THE FEDERAL Government’s plan to terminate the Aboriginal and Torres Strait Islander Legal Services and tender out a limited range of legal assistance to this group has been condemned by Shadow Attorney-General Nicola Roxon.
In place of the Aboriginal and Torres Strait Islander Legal Services (ATSILS), legal aid and community legal centres will be expected to take on the extra work without extra funding, Roxon and the Shadow Minister for Reconciliation and Indigenous Affairs, Senator Kerry O’Brien, claimed.
Senate Estimates heard last week that the Attorney-General’s Department is to take over responsibility for the tender process from 1 July this year. But Labor has called on the Government to halt the tender process and ensure ongoing services are guaranteed to all Indigenous Australians.
Twenty per cent of all male prisoners and 25 per cent of all female prisoners in this country are Indigenous, according to Roxon and O’Brien.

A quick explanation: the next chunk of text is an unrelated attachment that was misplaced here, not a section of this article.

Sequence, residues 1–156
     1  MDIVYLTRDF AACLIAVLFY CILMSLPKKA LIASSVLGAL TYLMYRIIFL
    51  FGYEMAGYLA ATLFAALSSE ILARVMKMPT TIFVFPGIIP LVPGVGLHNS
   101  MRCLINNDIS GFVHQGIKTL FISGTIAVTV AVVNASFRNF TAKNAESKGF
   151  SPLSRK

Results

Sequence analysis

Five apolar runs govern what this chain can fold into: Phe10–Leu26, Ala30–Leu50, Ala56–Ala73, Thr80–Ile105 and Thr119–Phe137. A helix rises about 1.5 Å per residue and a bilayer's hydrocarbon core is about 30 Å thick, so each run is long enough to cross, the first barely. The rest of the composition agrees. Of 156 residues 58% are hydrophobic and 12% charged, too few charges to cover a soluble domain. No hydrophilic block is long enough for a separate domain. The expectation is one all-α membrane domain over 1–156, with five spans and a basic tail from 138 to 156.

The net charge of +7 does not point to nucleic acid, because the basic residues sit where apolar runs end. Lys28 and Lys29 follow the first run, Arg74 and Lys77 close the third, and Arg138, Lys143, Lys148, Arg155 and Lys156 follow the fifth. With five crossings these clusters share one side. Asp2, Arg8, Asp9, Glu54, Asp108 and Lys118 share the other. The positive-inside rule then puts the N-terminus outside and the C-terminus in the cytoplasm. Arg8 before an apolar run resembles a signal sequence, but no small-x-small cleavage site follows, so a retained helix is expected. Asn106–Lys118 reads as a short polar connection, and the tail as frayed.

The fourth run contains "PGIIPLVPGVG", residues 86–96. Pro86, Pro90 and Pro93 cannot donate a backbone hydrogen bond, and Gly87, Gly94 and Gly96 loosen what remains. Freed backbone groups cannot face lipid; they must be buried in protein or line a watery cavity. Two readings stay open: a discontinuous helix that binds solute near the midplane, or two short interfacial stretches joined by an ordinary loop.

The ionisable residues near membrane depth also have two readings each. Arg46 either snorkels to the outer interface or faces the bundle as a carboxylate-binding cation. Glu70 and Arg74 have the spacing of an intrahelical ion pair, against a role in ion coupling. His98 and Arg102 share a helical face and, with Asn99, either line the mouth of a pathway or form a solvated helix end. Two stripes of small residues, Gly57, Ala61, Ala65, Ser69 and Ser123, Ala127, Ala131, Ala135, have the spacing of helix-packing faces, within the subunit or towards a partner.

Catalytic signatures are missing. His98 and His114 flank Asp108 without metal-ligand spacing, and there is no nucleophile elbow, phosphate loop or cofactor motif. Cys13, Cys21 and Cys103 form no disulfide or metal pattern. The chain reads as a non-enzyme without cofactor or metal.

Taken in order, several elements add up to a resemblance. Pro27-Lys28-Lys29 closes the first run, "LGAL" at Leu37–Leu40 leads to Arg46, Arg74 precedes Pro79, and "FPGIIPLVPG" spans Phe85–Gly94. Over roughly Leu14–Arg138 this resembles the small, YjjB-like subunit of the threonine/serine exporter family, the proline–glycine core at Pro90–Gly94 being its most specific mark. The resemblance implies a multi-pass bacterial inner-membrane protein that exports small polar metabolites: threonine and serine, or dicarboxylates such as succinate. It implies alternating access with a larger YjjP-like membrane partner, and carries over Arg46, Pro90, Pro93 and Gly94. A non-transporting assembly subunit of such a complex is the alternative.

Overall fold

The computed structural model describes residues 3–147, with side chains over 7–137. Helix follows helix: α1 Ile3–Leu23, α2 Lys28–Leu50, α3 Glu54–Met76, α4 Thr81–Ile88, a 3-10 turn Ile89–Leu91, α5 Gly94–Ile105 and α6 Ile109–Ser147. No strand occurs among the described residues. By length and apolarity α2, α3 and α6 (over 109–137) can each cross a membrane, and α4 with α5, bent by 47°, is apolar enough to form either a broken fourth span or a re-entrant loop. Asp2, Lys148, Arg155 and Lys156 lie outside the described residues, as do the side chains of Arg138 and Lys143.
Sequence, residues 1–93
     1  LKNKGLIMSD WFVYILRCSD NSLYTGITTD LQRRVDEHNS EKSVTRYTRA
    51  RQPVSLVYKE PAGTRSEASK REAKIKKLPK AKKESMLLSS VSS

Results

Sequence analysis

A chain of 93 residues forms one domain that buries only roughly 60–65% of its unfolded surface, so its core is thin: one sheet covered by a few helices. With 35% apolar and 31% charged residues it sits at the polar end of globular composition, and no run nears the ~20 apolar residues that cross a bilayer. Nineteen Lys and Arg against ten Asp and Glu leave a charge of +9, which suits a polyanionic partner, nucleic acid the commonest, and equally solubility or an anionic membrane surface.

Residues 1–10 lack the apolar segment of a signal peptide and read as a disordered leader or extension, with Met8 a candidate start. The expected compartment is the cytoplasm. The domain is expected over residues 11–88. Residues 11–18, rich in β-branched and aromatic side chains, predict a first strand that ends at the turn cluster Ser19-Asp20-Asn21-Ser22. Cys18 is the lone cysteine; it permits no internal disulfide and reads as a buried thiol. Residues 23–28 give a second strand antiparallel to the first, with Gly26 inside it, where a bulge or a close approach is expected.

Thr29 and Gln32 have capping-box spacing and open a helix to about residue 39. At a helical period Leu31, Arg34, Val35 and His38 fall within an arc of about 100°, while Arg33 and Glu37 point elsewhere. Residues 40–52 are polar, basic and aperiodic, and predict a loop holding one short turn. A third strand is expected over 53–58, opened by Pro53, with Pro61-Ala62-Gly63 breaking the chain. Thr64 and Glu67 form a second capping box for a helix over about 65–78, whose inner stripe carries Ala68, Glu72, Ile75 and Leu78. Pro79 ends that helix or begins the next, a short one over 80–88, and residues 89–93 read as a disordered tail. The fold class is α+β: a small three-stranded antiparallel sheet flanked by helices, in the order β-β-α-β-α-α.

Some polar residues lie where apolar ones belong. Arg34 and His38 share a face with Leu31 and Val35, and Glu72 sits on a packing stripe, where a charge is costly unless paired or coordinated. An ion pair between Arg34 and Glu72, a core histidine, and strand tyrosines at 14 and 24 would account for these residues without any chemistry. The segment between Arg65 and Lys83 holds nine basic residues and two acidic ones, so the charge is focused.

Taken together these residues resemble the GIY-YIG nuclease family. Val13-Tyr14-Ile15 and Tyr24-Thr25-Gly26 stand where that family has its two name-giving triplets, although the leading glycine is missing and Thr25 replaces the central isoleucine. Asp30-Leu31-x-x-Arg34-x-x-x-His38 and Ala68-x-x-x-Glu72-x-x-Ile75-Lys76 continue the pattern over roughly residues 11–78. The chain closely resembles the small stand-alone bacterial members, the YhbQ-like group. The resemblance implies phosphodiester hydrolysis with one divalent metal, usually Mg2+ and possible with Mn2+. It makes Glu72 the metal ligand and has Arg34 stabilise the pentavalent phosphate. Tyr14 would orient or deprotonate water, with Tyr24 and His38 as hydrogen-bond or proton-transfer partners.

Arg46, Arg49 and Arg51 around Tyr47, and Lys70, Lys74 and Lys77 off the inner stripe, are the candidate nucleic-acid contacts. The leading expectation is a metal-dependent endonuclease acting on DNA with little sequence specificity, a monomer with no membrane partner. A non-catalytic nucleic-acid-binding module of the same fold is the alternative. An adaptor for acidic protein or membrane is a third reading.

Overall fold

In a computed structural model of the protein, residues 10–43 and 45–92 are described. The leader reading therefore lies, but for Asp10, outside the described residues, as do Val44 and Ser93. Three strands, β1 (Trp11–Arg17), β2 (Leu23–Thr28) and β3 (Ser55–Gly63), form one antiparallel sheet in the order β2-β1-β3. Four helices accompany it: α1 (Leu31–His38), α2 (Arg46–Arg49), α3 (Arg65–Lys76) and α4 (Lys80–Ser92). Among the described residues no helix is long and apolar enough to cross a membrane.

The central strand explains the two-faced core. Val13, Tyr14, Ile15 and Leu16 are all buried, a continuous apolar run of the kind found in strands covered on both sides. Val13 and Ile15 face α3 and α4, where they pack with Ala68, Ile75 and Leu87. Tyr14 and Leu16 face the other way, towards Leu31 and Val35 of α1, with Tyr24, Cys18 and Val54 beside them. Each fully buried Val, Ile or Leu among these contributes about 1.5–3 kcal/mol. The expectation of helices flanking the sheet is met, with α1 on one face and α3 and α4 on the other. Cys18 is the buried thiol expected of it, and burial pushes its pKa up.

Additionally, Indigenous young Australians are 19 times more likely to be detained than non-Indigenous young people.
Indigenous people are also nearly six times more likely to be victims of domestic-related assault, and three times more likely to be victims of reported sexual assault.
Under the new tender processes there is no requirement for the services to be run or controlled by Indigenous community members, nor is it required for them to employ Indigenous staff. Private law firms are eligible to apply.
There will be restrictions to legal advice for Indigenous people with prior convictions. This is despite the fact that around 80 per cent of male Indigenous prisoners had previously been in prison, Roxon and O’Brien claimed.